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Reversing Type 2 Diabetes is Possible: Here’s How

If you have type 2 diabetes or are prediabetic, you may be facing a lifetime of medication and blood sugar monitoring. However, this path is not necessary. With these simple methods, you can reverse your diabetes for good.
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When people are diagnosed with type 2 diabetes, they are faced with a lifetime of medications, blood glucose checks, and dietary restrictions that are devoid of flavor. However, new research has indicated that this lifestyle is not the only option for individuals with type 2 diabetes. In fact, it is possible to completely reverse diabetes and restore proper insulin sensitivity with the right diet and lifestyle changes.

What Is Diabetes?

Diabetes is a disease that affects over 25.8 million people in the United States according to the Center for Disease Control. In 2010 alone, around 10 million people were diagnosed with the disease for the first time. Sobering statistics show that more people are getting diabetes each year, and from a younger age. While type 1 diabetes is largely genetic, type 2 diabetes is caused by genetics and lifestyle factors, such as obesity, and overall poor health.

Diabetes is an epidemic in the United States, with around 27 percent of all people over the age of 65 getting the disease. Among people over the age of 20, about 11 percent have the disease. There are also approximately 79 million Americans ages, according to the National Diabetes Information Clearinghouse, who have been diagnosed with pre-diabetes, which indicates their risk of getting type 2 diabetes is high. Over 30 percent of Americans are at risk for getting type 2 diabetes. According to the CDC, diabetes costs around $175 billion dollars each year. This excessive number is due to the large number of diabetic cases in the United States and the high cost of treating the disease medically.

But what most people don’t know, is that type 2 diabetes is almost completely avoidable. In fact, it is even possible to reverse the disease once you have been diagnosed- and for pennies on the dollar compared with conventional medical care. But before we get into discussing how to reverse the disease, take a look at what causes type 2 diabetes for a little background information.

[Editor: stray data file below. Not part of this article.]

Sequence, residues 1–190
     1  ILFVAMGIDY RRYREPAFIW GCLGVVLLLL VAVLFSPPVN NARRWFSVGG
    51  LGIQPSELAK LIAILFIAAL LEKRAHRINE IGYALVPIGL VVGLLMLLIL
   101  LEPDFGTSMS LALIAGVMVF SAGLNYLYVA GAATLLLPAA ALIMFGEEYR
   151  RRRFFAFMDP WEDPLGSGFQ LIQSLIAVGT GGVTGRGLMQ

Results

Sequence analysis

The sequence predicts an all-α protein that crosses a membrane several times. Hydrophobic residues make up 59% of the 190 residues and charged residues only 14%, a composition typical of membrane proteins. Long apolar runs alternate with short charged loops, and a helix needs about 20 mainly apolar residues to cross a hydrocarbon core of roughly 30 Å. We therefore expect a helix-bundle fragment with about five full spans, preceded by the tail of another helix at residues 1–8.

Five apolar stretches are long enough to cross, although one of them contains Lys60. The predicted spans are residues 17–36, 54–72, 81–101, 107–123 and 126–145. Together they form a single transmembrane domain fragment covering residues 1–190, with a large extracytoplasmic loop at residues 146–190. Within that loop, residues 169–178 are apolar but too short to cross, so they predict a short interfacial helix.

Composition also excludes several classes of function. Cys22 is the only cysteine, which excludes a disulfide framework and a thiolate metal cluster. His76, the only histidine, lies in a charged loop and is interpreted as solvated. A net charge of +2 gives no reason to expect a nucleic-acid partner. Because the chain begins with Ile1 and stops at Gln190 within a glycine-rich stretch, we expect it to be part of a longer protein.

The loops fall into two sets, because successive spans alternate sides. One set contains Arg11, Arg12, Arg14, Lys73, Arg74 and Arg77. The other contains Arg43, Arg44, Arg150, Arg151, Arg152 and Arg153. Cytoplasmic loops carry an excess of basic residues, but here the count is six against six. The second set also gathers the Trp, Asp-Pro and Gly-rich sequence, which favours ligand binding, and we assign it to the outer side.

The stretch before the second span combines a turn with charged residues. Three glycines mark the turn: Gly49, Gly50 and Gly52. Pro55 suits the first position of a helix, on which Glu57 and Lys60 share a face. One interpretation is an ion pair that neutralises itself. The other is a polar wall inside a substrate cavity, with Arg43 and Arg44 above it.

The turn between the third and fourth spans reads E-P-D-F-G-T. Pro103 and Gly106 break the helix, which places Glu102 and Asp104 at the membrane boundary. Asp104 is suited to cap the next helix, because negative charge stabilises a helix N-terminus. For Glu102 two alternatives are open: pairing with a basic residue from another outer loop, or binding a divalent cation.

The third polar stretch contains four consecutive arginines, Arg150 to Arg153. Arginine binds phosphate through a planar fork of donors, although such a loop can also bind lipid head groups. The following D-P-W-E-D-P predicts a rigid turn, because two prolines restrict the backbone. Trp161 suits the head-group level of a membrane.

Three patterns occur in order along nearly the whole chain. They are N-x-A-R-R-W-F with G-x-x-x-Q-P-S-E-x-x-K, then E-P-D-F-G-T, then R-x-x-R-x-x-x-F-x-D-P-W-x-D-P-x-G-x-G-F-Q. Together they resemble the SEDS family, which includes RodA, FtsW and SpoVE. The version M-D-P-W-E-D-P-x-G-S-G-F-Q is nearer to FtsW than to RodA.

What Causes Type 2 Diabetes?

Type 2 diabetes is linked to many factors, including inflammation, high blood glucose, insulin resistance, and leptin production. However, contrary to popular belief, type 2 diabetes is not a blood glucose issue. Blood glucose levels are simply a symptom of the disease, and addressing glucose levels only cannot cure or prevent the disease. Studies about insulin and leptin signaling have shown that diabetes is a direct cause of imbalances in leptin signaling and insulin resistance. Both of these imbalances are caused by diet and exercise imbalances.

According to Diabetes Forecast, insulin is a hormone that causes muscle and fat cells to absorb excess glucose from food and convert it into energy. This causes blood glucose levels to drop and gives the body vital energy. Insulin resistance simply means that the body has to produce more of the hormone insulin to do the same job. This causes the body to work harder to perform simple functions, which can lead to a host of health problems.

The role of leptin in diabetes is something that is newly discovered. Ordinarily, the hormone leptin controls energy metabolism and appetite regulation. Leptin is also responsible for keeping insulin levels from getting too high in the body by producing insulin secretion-blocking beta cells. In a 2007 study conducted by the Joslin Diabetes Center, mice were genetically engineered to not have the necessary leptin receptors in the pancreas. These mice developed insulin resistance and high glucose levels when placed on a high-fat diet. This indicates that unless leptin receptors are functioning correctly in the body, the risk of getting diabetes is much higher. Ensuring that leptin receptors are functioning properly is one simple way to reduce your risk of getting diabetes.

Who Gets Type 2 Diabetes?

According to the National Diabetes Information Clearinghouse (NDIC), there are several potential causes for type 2 diabetes. These factors include:

Genetic Susceptibility

Genetics do play a role in your risk for getting diabetes. For example, more African Americans, American Indians, Native Hawaiians, Hispanics, and Alaskan Natives get diabetes than other races. Genetics can play a role in how sensitive your body is to leptin production and insulin. Genes that influence metabolic function and a susceptibility for weight gain will also be a higher risk for developing diabetes as well.

Sedentary Lifestyle and Obesity

Obviously an inactive lifestyle and obesity are linked. The less active you are, the less energy you use. If you consume more energy (calories) than you use, then you will naturally gain weight. The heavier you are, the more your body produces leptin to reduce fat storage in the body. However, if there is an imbalance in leptin receptors and insulin production, this will lead to a greater risk for diabetes. A lifetime of unhealthy habits and hormone imbalances will lead to an increased risk for type 2 diabetes.

Insulin Resistance